We talked about this in our Summer Indie Movie Podcast, but the greatest thing about Andrew Bujalski’s Support the Girls — a movie that unfolds over the course of a little more than a day, mostly in a Hooters-style sports bar called Double Whammies (which is not as good of a boob pun as the name “Support the Girls” itself) — is that it really leans into its setting. The “girls” aren’t going to get out of Double Whammies and find greater success in the wider world, at least not during the events of the film. And yet, even though it’s not the place that people really aspire to be, there are still moments of joy and camaraderie that make it bearable. Too often, movies push working life to the extremes: It’s either so torturous that it breaks you, or you strive until you find a greater success. There’s something kind of liberating in a movie honestly showing work as grind, but a grind you can survive. The second greatest pleasure in the movie is spending the day with Regina Hall. She gives such an amazing performance as the Double Whammies manager trying to keep it all running smoothly. As an audience member, you feel like one of the bar’s customers: Hall just puts you at ease, and lets you be entertained. – Marisa

1. Eighth Grade

Take it from someone who sees a lot of movies aimed at kids of all ages: Middle school is a rough one to capture in a film. There are plenty of great movies about kids and plenty of great movies about older teenagers, but pictures about middle-schoolers tend to either fall into Nickelodeon-ready tween-mongering (Down with homework! Kids rule!), or fantastical Amblin-esque adventuring. There’s Welcome to the Dollhouse, but I don’t know if I can show that to my daughter until she’s well past seventh grade. It’s not that Eighth Grade was sold to that audience—incredibly and ridiculously, it’s rated R!—but it’s so smart, empathetic, funny, and uncomfortable that it annihilates the line between teenage immediacy and adult distance. If it might mortify a real eighth-grader watching it with her or his parents, hey, so might it traumatize a single 25-year-old with a halfway decent memory of those turbulent early-teenage years. That’s how close writer-director Bo Burnham gets to Kayla (Elsie Fisher), an eighth-grader vlogging against the tide of indifference and unpopularity and loneliness. The movie simply follows her for about a week or so, as her time in middle school comes to an end, and she wonders about what triumphs or horrors might await her in the fall—or, more often, in the next hour or two. Eighth Grade has been repeatedly described, only half in jest, as a horror movie, but as vivid as those social horrors can be, it’s also very funny and, in the scenes with Kayla’s slightly bumbling but kind father (Josh Hamilton, owed a Best Supporting Actor Oscar nom, dammit), a lovely portrait of what parents can and cannot change. As a dad, I was moved to tears, but I think it speaks to the movie’s leap across generational lines that a mixed-gender quartet of thirtysomethings collectively voted it the best movie of 2018. – Jesse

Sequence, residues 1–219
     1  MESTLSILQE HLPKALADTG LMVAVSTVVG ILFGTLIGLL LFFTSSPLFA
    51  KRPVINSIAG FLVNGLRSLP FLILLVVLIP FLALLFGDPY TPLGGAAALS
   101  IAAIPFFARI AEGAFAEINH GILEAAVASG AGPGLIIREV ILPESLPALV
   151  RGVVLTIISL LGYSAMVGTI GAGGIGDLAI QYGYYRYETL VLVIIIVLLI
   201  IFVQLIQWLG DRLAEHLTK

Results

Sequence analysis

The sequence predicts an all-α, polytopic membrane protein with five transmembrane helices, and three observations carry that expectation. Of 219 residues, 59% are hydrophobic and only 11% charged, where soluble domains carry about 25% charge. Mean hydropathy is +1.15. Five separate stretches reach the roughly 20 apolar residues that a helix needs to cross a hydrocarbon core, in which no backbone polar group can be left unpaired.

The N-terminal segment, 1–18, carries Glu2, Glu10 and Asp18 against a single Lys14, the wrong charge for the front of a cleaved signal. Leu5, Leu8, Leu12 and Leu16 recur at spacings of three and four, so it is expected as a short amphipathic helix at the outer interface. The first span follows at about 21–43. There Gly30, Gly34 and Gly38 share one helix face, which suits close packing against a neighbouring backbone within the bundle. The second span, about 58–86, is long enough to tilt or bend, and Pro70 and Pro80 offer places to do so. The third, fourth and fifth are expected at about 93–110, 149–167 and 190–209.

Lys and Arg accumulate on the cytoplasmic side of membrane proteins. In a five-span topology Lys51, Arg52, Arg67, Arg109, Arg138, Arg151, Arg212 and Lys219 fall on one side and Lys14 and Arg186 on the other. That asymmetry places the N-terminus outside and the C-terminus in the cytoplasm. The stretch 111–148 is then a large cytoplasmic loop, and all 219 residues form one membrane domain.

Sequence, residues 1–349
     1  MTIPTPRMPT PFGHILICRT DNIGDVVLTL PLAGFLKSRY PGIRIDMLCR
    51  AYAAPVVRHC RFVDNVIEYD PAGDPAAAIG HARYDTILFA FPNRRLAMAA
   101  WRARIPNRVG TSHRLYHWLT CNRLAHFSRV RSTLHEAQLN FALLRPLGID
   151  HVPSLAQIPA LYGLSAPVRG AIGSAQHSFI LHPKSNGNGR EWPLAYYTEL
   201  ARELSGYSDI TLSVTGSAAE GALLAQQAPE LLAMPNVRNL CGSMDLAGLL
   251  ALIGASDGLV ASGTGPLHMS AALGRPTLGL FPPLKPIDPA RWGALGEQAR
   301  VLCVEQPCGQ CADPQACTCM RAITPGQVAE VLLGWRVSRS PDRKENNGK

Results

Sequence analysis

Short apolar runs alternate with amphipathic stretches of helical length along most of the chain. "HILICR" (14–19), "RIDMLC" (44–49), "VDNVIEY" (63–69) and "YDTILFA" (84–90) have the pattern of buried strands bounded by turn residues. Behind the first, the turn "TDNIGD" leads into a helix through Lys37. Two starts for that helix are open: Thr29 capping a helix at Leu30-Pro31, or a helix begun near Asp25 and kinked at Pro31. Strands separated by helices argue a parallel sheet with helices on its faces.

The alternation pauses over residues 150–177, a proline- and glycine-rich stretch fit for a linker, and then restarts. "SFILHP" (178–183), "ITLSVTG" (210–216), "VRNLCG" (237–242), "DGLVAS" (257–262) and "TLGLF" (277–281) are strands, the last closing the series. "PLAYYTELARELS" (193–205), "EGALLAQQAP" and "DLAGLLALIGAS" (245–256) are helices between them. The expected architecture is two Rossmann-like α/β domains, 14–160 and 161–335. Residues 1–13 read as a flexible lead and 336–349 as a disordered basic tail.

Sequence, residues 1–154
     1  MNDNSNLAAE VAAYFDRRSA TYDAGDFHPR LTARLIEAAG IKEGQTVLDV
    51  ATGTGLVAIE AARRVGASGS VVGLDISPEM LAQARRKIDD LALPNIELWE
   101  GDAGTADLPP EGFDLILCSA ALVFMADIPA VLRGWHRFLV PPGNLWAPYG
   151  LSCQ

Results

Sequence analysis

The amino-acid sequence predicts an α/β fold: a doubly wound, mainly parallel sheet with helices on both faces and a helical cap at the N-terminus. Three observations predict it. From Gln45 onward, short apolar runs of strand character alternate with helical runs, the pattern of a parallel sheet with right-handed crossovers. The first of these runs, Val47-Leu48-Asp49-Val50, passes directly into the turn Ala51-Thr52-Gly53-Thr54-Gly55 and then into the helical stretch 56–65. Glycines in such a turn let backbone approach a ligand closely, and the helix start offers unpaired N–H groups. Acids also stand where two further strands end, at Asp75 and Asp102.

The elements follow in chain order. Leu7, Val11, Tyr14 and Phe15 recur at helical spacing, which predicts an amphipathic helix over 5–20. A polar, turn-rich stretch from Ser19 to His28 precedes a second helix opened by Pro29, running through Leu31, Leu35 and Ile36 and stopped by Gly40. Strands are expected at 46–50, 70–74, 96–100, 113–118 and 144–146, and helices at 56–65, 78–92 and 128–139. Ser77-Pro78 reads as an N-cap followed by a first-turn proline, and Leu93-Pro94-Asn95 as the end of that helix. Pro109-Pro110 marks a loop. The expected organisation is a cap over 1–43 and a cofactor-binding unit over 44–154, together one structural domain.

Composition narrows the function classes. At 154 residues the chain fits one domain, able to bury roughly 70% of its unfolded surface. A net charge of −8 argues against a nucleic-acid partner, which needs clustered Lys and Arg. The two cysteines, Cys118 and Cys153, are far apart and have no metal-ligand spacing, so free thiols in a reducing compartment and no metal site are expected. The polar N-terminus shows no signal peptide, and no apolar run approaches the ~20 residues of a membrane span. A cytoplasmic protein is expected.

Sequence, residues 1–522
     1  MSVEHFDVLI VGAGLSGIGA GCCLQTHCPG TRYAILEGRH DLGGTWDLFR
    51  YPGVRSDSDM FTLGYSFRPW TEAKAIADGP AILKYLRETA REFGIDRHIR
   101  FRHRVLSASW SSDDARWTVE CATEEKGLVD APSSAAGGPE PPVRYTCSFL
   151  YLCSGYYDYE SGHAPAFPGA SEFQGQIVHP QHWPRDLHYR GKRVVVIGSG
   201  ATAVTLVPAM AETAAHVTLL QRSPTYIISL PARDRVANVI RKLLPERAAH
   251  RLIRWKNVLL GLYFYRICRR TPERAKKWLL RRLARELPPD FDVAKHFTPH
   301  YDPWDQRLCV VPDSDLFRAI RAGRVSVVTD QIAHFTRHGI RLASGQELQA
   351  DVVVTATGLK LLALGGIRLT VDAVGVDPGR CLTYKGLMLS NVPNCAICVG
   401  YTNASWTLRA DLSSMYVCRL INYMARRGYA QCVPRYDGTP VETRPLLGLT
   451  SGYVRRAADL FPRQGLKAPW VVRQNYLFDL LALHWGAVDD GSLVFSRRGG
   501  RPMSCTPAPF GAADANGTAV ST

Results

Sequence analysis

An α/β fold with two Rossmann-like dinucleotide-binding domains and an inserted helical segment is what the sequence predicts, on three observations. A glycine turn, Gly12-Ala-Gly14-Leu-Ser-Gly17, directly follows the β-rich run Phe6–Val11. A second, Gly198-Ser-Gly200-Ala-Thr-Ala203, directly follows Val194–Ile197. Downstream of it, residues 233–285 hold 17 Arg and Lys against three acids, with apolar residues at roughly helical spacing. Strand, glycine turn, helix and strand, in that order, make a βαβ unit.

Jesse

Jesse is a cofounder of SportsAlcohol.com even though he doesn't care for sports or alcohol. His favorite movie is Ron Howard's The Paper. I think. This is what happens when you don't write your own bio. I know for sure likes pie.